This week we’re looking at the 2015 Hyundai Accent GLS that is offered as a small four-door sedan or a four-door hatchback, both of which seat five. The sedan is available only in base GLS trim, while the hatchback comes in GS and fancier Sport trims.
Two options packages are available for automatic-transmission-equipped GLS sedans. The Popular package adds cruise control, a tilt-and-telescoping steering wheel, Bluetooth phone and audio connectivity, steering-wheel-mounted audio controls and a center console storage box with a sliding armrest. The Style package can be purchased only in combination with the Popular package and adds projector-beam headlights with LED accents, fog lights, 16-inch alloy wheels, rear disc brakes (instead of drum brakes), upgraded cloth upholstery and an auto-up driver’s window.
The GS hatchback includes all of the standard GLS features, along with a rear windshield wiper and cloth door trim; automatic transmission versions also have cruise control. The Sport hatchback adds a rear spoiler, a leather-wrapped tilt-and-telescoping steering wheel and the equipment from the Popular and Style packages. A sunroof is optional on automatic Sport models.
The Insurance Institute for Highway Safety gave the Accent the highest possible rating of “Good” in the moderate-overlap frontal-offset and roof-strength tests
General Information: It is assembled in Ulsan, Korea; Parts – US/Canadian 2%, Korea 87%; Engine and transmission – Korea; Classification is Compact Cars. Cars from Hyundai: Accent, Azera, Elantra, Elantra Touring, Equus, Genesis, Genesis Coupe, Santa Fe, Sonata, Sonata Hybrid, Tucson, Veloster, Veracruz.
Handling & Performance:
Although 137 hp doesn’t sound like a lot, the Accent is relatively quick compared with other cars in class. Its 1.6-liter engine responds energetically when you the hit the gas pedal, and there’s plenty of power on tap for highway merging and passing maneuvers. Under hard acceleration, the engine remains smooth but can get rather noisy. On the road, it provides a quiet, comfortable ride and decent handling. Although competitors such as the Ford Fiesta have sportier steering and handling, the Hyundai feels balanced and composed and is well suited for daily commutes. This Accent GLS sedan with the automatic went from zero to 60 mph in 9.8 seconds, which is quick time for the class.
Hyundai Accent seems roomier than the norm for compacts but interior dimensions place it in the EPA’s “compact” class. The spacious rear seat offers enough headroom and legroom to allow even 6-footers to get comfortable in the outboard positions.
Front seats are well shaped, roomy and supportive, and overall, the Accent feels upscale for a car in this class. Cargo space is above class averages, with the sedan offering a relatively large trunk with 13.7 cubic feet of capacity.
Fit and Finish:
Conveniences and comfort:
Basic in features and no rearview camera is an obvious omission as well as such higher-end features as keyless ignition, navigation system and smartphone app integration are simply not available, even though many competitors now offer them.
Although some cars can be expensive to add desired features a reminder is appropriate here. Navigation is available on almost every cell phone and if you don’t have it on your phone Tom Tom or others are available for about $200. Bluetooth of course is an absolute MUST have and those are very inexpensive as well at about $90 for the best.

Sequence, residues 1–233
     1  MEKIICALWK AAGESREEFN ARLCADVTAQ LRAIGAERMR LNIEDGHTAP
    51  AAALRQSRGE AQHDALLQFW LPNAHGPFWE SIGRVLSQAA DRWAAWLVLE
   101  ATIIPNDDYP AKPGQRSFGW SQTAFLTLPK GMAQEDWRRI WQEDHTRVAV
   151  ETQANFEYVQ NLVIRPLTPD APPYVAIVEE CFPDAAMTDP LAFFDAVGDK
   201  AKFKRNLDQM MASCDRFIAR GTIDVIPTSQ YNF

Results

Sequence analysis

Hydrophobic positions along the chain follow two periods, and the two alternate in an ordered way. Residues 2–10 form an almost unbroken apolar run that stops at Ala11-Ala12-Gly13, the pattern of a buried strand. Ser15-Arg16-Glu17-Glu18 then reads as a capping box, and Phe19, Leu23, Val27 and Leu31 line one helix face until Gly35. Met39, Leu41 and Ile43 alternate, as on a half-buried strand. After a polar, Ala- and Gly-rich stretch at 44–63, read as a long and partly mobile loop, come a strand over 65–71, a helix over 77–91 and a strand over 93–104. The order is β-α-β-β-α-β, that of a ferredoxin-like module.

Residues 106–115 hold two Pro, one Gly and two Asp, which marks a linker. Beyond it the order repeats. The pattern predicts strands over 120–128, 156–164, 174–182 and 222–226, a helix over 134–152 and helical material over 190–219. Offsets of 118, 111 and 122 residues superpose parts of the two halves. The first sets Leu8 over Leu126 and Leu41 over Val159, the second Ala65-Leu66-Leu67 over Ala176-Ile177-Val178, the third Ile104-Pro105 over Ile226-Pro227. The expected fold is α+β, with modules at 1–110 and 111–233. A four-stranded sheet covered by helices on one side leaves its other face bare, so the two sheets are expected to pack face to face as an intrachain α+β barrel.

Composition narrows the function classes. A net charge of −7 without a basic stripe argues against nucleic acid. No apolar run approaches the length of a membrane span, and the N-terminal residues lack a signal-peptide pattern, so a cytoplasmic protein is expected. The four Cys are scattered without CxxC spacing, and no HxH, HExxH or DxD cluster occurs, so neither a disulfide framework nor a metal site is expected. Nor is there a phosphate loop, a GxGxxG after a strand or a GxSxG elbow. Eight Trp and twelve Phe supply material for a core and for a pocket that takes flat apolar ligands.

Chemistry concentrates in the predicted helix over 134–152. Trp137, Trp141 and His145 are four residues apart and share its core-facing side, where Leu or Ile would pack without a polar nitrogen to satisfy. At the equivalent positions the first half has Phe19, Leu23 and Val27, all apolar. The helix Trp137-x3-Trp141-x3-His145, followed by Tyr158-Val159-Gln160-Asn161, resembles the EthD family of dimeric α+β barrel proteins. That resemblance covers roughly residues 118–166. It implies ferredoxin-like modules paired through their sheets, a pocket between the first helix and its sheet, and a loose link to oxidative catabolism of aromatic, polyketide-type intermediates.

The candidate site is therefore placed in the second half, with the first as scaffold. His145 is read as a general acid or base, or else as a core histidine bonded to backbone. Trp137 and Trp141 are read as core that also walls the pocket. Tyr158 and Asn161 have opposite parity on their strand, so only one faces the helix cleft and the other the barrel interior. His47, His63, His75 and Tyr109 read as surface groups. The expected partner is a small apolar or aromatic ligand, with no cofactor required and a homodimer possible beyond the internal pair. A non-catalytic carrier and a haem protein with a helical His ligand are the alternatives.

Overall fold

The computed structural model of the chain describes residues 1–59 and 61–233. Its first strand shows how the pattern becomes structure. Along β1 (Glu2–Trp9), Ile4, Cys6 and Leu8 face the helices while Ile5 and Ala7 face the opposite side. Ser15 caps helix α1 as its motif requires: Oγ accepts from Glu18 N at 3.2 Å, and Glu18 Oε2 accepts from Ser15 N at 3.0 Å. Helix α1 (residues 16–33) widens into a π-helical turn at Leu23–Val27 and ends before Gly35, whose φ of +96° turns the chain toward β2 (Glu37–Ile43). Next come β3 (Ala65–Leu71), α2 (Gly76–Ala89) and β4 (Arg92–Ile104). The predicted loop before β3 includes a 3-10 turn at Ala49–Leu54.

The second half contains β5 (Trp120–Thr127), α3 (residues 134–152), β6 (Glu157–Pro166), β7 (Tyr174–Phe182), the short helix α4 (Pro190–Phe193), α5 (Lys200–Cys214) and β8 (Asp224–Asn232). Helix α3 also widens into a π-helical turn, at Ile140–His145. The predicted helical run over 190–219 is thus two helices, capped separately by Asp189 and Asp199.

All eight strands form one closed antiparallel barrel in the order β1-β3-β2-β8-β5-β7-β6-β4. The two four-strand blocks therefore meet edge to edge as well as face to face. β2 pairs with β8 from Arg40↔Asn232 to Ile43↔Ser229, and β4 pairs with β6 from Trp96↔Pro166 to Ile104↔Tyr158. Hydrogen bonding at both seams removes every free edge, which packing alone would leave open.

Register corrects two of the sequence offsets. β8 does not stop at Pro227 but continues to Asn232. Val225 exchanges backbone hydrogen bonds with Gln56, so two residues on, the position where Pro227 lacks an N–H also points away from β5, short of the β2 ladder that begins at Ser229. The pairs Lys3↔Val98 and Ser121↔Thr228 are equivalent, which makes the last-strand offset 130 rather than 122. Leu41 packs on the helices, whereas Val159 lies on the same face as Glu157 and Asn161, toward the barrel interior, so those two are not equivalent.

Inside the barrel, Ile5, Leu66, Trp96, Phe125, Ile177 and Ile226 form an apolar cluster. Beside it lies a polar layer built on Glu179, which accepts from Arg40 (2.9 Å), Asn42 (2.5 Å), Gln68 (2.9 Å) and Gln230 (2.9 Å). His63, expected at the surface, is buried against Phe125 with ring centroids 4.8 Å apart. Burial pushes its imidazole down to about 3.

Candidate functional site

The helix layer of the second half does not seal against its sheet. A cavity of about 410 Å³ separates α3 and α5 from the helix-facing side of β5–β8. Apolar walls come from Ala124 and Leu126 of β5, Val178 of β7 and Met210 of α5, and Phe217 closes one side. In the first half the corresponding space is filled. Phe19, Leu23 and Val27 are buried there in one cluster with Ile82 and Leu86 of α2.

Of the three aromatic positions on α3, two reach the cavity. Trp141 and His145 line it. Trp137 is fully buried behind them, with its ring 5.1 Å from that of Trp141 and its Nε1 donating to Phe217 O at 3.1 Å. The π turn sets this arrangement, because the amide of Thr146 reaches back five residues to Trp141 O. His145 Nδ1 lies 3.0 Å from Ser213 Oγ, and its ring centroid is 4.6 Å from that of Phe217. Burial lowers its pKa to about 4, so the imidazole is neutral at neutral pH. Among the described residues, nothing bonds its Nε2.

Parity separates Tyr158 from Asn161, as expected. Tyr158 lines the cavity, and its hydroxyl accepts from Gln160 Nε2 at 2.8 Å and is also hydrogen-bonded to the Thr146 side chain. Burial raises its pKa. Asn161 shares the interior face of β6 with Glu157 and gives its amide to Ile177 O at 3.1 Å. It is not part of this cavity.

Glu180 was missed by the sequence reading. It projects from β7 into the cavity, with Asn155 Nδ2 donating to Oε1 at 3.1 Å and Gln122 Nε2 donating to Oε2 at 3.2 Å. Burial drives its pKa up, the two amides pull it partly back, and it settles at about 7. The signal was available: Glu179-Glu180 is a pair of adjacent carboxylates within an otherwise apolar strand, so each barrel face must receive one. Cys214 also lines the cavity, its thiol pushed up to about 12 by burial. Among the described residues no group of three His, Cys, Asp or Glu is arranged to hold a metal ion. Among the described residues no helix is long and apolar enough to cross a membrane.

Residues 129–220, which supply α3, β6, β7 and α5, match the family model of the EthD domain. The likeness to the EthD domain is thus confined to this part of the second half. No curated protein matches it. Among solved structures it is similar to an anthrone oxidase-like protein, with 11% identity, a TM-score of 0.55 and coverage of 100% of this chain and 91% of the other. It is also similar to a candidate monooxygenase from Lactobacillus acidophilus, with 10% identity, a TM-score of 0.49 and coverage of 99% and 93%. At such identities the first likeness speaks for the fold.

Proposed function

This is truly an efficient and affordable commuter. Consider carefully what you should have and what you want. Go with what you should have and give up the Sunroof for example, unless you are too tall and need a place to put your head.
The should have’s include, in my opinion, Cruise control, and if your budget allows move up to “Smart (Adaptive) Cruise” do it; Bluetooth is a must, and Navigation is highly recommended and as noted above the cost is far less than built in OEM so no excuses not to have these two super helpful features. The second gets you where you need to go (Nav) and the first will keep you alive (Bluetooth).
Others that need consideration. Most all cars come with ABS Brakes and traction control, and many have roll over mitigation, stability control and a few provide Electronic Brake-force Distribution (EBD) that applies braking on individual wheels depending on traction and applies power as needed to those individual wheels.
Hyundai Accent $17,000, Kia Rio $14-18,000, Chevy Spark $12-26,000, Chevy Sonic $17,000, Nissan Versa $12-17,000.
Great fuel economy, strong acceleration; comfortable and quiet ride; spacious cabin & long warranty.
137 hp is a little on the light side for some.
1.6 liter GDI 137 hp 4-cylinder engine, dual continuous variable valve timing,8-speed automatic trans, Active ECO system, air conditioning, electronic stability control, traction control, ABS Elecgtronic brake fore didtribution with Brake assist, front side and side curtain airbags, , tire pressure monitor, AM/FM/CD/MP3, audio system with 6 speakers, Sirius XM radio, iPod / USB, and auxiliary input jack, power windows locksand bodycolor heated mirrors, driver blind spot mirror, remote keyless entry, tilt steering column, trip computer & , driver seat height adjustment and armrest, vanity mirrors, sliding sunroof, map, dome and cargo lights, 60/40 split folding rear seat, 14” wheels, windshield sunshade band, rear window defroster, one touch turn signal.
$3.79/ Gal avg. August 2, 2015
for more information.
26 City and 37 Highway MPG
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